People Weigh In On Why Older People Hate When Younger People Say “No Problem” Instead of “You’re Welcome”

@RadioFreeTom via Twitter

If you go to a store and an employee helps you find something that you’re looking for, you might say “thank you.” That would be polite. How the employee responds will probably depend on how old he or she is. An older person will most likely say, “you’re welcome,” but a younger person will most likely say, “no problem.”

Why? Why do we answer differently? More importantly, why do older people think it’s rude if someone of a younger generation says “no problem” instead of “you’re welcome”? It’s completely confusing and definitely shows a huge generation gap.

Twitter user Tom Nichols tweeted, “Dear Every Cashier in America: the proper response to ‘thank you’ is ‘you’re welcome,’ not ‘no problem.’ And *you’re* supposed to thank *me*”

One Twitter user commented that “no problem” is “perfectly friendly” and that there’s nothing wrong with saying “no problem” instead of “you’re welcome.”

Yet, there’s an even better answer here. The fact that “no problem” is not rude and actually meant to be friendly doesn’t change the fact that many Boomers think it is rude. Why is that?

One response perfectly summed up the misunderstanding between Boomers and Millennials. It points out that the response “no problem” is the exact opposite of rude but also explains why Boomers think it’s rude.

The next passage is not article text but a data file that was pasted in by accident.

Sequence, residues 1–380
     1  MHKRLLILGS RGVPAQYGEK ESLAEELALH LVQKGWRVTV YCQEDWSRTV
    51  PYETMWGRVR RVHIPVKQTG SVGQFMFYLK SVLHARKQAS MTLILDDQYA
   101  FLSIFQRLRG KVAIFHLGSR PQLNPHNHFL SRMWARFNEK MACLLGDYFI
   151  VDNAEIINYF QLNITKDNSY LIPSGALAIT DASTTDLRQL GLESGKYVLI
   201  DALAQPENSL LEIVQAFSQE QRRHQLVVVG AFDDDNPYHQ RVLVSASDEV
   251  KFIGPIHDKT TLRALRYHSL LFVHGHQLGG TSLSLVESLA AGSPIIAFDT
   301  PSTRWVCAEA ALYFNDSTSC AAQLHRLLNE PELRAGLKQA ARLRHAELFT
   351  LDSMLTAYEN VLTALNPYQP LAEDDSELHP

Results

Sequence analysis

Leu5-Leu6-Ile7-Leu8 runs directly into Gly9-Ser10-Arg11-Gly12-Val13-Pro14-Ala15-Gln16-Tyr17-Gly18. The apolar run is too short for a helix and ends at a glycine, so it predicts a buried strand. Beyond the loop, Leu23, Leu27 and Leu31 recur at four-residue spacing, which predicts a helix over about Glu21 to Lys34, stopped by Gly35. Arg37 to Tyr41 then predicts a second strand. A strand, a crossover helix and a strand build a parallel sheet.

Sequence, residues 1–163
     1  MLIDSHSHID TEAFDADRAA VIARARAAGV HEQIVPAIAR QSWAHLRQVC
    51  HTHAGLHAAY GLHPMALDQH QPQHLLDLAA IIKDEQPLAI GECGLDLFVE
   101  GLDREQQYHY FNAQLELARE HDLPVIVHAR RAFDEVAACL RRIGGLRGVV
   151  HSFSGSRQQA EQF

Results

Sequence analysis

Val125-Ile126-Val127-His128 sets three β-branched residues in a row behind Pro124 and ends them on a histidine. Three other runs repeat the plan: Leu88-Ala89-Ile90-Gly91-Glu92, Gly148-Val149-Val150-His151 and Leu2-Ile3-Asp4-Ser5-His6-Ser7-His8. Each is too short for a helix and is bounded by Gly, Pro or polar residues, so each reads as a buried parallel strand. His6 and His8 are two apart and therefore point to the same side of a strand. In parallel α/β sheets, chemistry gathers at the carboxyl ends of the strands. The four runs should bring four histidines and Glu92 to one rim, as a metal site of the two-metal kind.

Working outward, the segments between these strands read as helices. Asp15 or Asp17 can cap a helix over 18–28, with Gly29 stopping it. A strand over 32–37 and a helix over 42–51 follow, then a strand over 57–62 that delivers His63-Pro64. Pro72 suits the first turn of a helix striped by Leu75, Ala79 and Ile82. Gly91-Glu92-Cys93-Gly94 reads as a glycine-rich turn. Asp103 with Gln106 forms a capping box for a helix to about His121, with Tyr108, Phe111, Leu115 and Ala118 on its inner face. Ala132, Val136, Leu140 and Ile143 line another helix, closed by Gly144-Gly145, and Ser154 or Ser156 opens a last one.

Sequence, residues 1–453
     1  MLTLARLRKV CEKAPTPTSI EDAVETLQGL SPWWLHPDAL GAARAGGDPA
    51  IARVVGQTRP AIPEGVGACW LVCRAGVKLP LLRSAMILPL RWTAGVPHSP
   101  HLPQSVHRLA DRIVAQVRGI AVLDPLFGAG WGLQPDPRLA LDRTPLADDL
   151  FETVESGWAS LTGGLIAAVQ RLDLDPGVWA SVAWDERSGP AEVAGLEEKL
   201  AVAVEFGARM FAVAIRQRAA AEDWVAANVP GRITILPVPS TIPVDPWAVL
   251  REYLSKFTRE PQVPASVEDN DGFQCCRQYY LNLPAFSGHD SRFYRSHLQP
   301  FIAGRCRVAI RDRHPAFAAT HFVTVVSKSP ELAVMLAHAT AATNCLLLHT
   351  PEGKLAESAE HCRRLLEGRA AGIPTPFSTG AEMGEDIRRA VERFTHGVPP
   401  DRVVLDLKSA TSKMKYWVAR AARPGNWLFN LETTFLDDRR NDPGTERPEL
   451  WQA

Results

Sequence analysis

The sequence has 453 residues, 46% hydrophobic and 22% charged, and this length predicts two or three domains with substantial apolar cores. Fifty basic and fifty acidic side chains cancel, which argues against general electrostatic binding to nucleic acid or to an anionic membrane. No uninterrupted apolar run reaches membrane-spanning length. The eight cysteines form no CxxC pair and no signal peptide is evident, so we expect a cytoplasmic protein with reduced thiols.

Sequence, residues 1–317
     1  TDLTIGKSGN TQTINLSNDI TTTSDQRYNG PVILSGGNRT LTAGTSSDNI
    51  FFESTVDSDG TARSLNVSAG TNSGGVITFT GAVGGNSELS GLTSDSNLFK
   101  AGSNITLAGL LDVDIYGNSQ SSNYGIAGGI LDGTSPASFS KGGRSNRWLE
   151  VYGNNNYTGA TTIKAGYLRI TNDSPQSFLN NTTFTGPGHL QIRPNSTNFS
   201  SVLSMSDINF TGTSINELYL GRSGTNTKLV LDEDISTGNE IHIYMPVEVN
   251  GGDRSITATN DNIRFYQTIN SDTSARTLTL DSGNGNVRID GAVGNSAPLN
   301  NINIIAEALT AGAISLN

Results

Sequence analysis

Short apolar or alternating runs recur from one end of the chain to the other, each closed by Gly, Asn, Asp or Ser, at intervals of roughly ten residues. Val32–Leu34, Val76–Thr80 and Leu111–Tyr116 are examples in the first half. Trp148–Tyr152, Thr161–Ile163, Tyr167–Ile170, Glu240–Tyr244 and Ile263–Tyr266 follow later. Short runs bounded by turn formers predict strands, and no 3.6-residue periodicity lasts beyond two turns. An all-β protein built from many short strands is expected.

The tweet explained that “for older people the act of helping or assisting someone is seen as a task that is not expected of them, but is them doing extra, so it’s them saying, ‘I accept your thanks because I know I deserve it.” 

The tweet went on to explain that young people say “no problem” because they “feel not only that helping or assisting someone is a given and expected but also that it should be stressed that your need for help was no burden to them (even if it was).”

Murdered on, “No Problem/You’re Welcome”

So, it seems that Millennials might actually be more thoughtful by nature than Boomers since a response of “no problem” is basically the same as saying “but of course,” or, “I’m happy to help.” Meanwhile, “you’re welcome” is perhaps more like saying, “It was an inconvenience, and I greatly appreciate you noticing and appreciating what I did for you.”

We can’t help but wonder what Nichols thinks about Chick-fil-A employees saying “my pleasure” instead of “you’re welcome” or “no problem.” Does he think that’s rude as well? Most people seem to find it surprisingly delightful and very friendly.

Regardless of which generation you’re a part of it, it should help to know that if someone responds “no problem” or “you’re welcome,” they probably mean it in the exact same way. Nobody is trying to be rude, so let’s realize it’s just a way of talking that has changed over time.

Do you tend to say “you’re welcome” or “no problem”? Do you find either of these responses rude?